She had strong legs, and began to push vigorously. As the bridge of her nose reached the "pelvic orifice" (via hand simulation), she responded with generalized agitation and with wheezing. Her pushing and struggling intensified, and she had several bronchial episodes that were dictated by her pushing efforts, i.e. she appeared to be in charge of them (we had anticipated some kind of bronchitis and medical personnel were present). At the end of her final session, she let out a deep sigh, as if to say, "There, that's finished." Her bronchial symptoms did not recur (twelve-year follow-up).
What were your experiences like working with infants compared with adults?
Major differences exist between how adults and infants can interact with the therapist. Infants do not have the verbal skills to express themselves nor the cognitive skills to understand verbal directions from the therapist. For this reason, the work with infants must employ methods that do not rely on verbal communication. However, even though infants may not have progressed verbal skills, they can, and do, communicate quite effectively in non-verbal ways, and the therapist must be able to listen to and interpret these communications.
Another difference is that the results we get with babies are generally much faster and more positive than those that occur with adults. Babies who are treated show higher intelligence than those not treated. (The anthropological literature shows that babies who are born without birth trauma have higher intelligence levels.) Also, treated babies express a much higher human potential. For example, one 6-month-old infant exhibited a spontaneous and profound interest in balls. At 9 months, this child had the largest ball collection in the world! He played with balls by himself for over 90 minutes a day. These types of unique interests occur without the initiation, encouragement, or support of the parents. In fact, this boy's parents, who are academicians, were rather dismayed with his interest in balls. They could not relate.
In another instance, a little girl became interested in patterns of shapes and colors. She would cry and scream and make gestures until she was taken outside so she could watch the sunlight shine through a tree onto the flowers in the garden. She would also cry and scream until she was placed by colorful and artistic towels, sheets, carpets, etc. By 9 months, she was engaged in a highly unusual activity for her age. She'd arrange colored blocks (Legos) in interesting patterns. She would try to put them together, and, when stuck with this activity, would cry and scream until one of her parents put them together in the pattern she had arranged. She would play with the Legos for up to 98 minutes a day for 7 months. By the age of 8 years, she was reading at an 8th grade level - she'd read the plans from the Legos box and create massive designs, filling her room with Legos creations.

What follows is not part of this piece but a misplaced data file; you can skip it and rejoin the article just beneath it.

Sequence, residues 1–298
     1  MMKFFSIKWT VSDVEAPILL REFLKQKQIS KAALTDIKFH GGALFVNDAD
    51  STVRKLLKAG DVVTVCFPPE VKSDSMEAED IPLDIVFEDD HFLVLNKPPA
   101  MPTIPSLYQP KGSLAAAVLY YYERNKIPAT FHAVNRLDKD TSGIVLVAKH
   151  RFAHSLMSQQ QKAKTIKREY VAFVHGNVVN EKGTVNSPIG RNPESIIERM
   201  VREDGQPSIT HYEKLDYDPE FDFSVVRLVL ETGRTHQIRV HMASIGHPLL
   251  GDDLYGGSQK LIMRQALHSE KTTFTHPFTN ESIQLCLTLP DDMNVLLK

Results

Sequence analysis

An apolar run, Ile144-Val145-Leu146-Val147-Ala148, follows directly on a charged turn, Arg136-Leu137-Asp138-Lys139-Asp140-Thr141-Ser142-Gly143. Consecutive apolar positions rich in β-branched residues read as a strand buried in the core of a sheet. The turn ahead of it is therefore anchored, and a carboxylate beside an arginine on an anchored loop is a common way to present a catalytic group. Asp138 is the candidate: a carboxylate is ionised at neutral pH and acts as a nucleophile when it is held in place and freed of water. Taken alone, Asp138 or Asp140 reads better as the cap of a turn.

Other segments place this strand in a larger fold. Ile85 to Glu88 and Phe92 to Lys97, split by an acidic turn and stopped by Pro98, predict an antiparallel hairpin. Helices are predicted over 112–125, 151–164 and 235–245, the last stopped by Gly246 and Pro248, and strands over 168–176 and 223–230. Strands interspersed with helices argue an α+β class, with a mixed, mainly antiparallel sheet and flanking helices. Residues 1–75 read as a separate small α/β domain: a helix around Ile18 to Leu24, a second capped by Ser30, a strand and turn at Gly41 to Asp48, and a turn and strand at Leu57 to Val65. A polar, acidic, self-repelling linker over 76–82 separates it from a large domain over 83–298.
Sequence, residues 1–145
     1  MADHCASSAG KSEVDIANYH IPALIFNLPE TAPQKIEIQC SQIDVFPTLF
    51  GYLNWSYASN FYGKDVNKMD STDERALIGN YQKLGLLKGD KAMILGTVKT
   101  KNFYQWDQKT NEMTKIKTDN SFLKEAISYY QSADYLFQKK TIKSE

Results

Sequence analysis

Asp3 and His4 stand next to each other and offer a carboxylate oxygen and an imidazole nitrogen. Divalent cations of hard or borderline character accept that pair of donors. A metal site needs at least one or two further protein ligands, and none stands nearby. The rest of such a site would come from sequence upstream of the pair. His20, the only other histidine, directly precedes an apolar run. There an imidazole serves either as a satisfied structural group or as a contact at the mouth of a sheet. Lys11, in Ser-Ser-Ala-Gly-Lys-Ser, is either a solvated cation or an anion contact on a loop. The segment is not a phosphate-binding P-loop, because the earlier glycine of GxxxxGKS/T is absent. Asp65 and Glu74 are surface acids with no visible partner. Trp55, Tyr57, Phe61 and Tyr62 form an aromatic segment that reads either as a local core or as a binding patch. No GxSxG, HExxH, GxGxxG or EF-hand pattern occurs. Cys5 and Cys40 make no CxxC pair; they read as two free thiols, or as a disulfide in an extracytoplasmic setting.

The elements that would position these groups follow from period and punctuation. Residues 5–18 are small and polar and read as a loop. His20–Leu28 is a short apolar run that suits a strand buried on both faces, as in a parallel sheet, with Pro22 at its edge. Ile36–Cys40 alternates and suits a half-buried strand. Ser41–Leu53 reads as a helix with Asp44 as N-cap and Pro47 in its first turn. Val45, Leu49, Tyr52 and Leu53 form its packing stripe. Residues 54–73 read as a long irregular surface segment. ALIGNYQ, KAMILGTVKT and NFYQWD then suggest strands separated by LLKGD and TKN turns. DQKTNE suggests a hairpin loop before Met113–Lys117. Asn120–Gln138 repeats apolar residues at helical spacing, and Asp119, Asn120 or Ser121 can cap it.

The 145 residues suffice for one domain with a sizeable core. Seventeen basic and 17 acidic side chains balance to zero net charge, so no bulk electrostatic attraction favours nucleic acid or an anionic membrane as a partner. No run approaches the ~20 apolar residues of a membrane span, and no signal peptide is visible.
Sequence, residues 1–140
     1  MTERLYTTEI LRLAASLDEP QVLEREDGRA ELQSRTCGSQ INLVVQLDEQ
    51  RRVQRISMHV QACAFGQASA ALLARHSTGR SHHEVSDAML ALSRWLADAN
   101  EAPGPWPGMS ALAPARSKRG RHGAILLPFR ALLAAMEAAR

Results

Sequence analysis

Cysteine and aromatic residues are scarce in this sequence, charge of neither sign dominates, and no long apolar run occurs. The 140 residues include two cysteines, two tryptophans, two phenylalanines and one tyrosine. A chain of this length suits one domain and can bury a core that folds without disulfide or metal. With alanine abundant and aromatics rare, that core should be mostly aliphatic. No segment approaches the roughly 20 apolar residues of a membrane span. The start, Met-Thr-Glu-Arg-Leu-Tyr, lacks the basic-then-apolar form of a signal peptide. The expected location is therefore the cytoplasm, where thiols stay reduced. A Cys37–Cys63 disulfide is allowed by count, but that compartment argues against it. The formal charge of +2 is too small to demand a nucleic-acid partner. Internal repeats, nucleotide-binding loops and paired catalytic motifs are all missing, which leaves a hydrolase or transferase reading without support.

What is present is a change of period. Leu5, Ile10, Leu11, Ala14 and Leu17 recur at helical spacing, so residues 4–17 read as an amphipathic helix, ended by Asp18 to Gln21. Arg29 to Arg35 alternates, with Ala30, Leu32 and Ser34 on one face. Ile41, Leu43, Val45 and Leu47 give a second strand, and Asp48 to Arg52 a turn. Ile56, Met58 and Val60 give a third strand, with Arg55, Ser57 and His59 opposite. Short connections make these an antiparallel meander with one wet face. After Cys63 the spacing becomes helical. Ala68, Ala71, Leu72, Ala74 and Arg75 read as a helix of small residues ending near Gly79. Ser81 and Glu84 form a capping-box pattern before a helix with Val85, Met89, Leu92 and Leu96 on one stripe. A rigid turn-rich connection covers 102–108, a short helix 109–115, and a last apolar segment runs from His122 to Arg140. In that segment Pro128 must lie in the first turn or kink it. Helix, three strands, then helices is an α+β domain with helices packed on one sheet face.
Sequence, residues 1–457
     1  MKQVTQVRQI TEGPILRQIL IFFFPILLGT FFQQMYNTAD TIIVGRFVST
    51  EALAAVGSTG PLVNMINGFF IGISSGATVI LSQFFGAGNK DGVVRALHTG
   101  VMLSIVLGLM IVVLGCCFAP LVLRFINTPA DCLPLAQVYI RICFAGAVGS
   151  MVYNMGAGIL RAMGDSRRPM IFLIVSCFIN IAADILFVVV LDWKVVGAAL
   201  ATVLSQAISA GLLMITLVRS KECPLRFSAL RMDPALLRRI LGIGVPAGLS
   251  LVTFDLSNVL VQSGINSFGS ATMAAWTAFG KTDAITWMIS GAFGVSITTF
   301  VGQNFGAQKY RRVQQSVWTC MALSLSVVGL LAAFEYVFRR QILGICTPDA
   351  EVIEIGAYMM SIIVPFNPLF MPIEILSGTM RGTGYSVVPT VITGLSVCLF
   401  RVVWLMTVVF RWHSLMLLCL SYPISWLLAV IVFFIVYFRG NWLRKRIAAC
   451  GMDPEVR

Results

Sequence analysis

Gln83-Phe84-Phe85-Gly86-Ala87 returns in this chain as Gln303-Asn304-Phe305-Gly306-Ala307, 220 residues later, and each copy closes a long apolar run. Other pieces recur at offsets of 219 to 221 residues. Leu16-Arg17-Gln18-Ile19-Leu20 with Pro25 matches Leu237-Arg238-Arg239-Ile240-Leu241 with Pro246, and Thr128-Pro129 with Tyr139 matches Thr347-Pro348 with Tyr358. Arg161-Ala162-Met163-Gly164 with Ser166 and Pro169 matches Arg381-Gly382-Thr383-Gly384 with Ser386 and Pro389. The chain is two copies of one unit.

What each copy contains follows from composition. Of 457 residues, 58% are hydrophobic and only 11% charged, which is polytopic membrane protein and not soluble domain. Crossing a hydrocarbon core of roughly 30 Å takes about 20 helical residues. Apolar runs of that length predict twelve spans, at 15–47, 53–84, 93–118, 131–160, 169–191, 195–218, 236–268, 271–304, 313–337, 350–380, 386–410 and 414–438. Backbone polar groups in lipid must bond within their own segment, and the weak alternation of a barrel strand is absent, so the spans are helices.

With adults, as with these babies, there is a point in the therapy where the clients come in contact with their deepest personal potential. At this point, adults resist change more readily than babies, and have many conflicting responsibilities that babies do not have (e.g., family to support or raise, career). Adult clients, then, defend against achieving their true potential and getting to their true selves. Babies and children do not have this problem. As shown in the above two examples, there is a clear, powerful manifestation of human potential, even in babies.
Finally, a major difference is in the amount of time from the beginning to end of therapy. With adults, an average number of sessions needed to resolve birth trauma is about 60; for babies, the number is 10.
There must be incredible catharsis in this type of work. Could you describe some of the impacts you've observed?
As with any regressive work, it sometimes involves catharses. There is an artistic balance between catharsis and repatterning and it takes a skilled person to accurately sense the proper balance. If repatterning occurs too early in the process, this only adds to the defense system and true healing does not occur. The most effective treatments employ gentle and progressive experiences of both catharsis and repatterning in conjunction with each other.
What research has been done on the long term effects of this work?
I have done a 20 year pilot project treating babies, toddlers, and children. For each patient, there is a control subject. I have been able to determine the impact the treatment model has. This study, taken together with my observations, has created a scientific, emotional, and intuitive basis for the evaluation of its effects.
I have observed, therefore, the increased intelligence and human potential cited above. Spirituality is another major outcome of this work. Treated children are spiritually evolved beings. By releasing negativity, they have greater access to their higher self.
Have you created any materials that show this work?
I have three videos, all entitled "Treating Birth Trauma during Infancy". One is on the resolution of forceps trauma, and the others on cord trauma and caesarean trauma.
It is now more widely accepted that prenatal and birth traumas, if untreated, can lead to major difficulties later in life. Dr. Emerson notes that "Prenatal memories influence early childhood development, and if not treated, form the foundation of later adult personality patterns." It seems obvious that the earlier birth trauma is treated, the more chance the person has of experiencing a healthy and vibrant life in later stages. Dr. Emerson concludes that "In my experience, infant therapy calls upon and challenges the deepest and the best of what it means to be human."